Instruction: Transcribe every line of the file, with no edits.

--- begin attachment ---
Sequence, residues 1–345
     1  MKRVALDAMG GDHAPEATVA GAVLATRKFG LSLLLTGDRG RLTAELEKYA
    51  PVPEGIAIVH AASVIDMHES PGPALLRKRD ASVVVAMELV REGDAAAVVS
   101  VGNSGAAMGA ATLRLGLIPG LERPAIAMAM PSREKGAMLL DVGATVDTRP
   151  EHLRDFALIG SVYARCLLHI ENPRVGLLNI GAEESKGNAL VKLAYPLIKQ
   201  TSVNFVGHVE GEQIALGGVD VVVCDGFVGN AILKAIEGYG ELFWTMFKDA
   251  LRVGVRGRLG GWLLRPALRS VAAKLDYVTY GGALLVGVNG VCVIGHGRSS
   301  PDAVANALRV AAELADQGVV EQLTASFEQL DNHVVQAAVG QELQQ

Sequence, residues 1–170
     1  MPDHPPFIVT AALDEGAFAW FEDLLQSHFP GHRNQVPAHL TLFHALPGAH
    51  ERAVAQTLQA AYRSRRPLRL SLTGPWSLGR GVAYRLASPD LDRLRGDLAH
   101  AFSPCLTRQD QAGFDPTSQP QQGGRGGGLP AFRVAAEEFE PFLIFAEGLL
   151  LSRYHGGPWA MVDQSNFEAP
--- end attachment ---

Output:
Sequence, residues 1–345
     1  MKRVALDAMG GDHAPEATVA GAVLATRKFG LSLLLTGDRG RLTAELEKYA
    51  PVPEGIAIVH AASVIDMHES PGPALLRKRD ASVVVAMELV REGDAAAVVS
   101  VGNSGAAMGA ATLRLGLIPG LERPAIAMAM PSREKGAMLL DVGATVDTRP
   151  EHLRDFALIG SVYARCLLHI ENPRVGLLNI GAEESKGNAL VKLAYPLIKQ
   201  TSVNFVGHVE GEQIALGGVD VVVCDGFVGN AILKAIEGYG ELFWTMFKDA
   251  LRVGVRGRLG GWLLRPALRS VAAKLDYVTY GGALLVGVNG VCVIGHGRSS
   301  PDAVANALRV AAELADQGVV EQLTASFEQL DNHVVQAAVG QELQQ

Sequence, residues 1–170
     1  MPDHPPFIVT AALDEGAFAW FEDLLQSHFP GHRNQVPAHL TLFHALPGAH
    51  ERAVAQTLQA AYRSRRPLRL SLTGPWSLGR GVAYRLASPD LDRLRGDLAH
   101  AFSPCLTRQD QAGFDPTSQP QQGGRGGGLP AFRVAAEEFE PFLIFAEGLL
   151  LSRYHGGPWA MVDQSNFEAP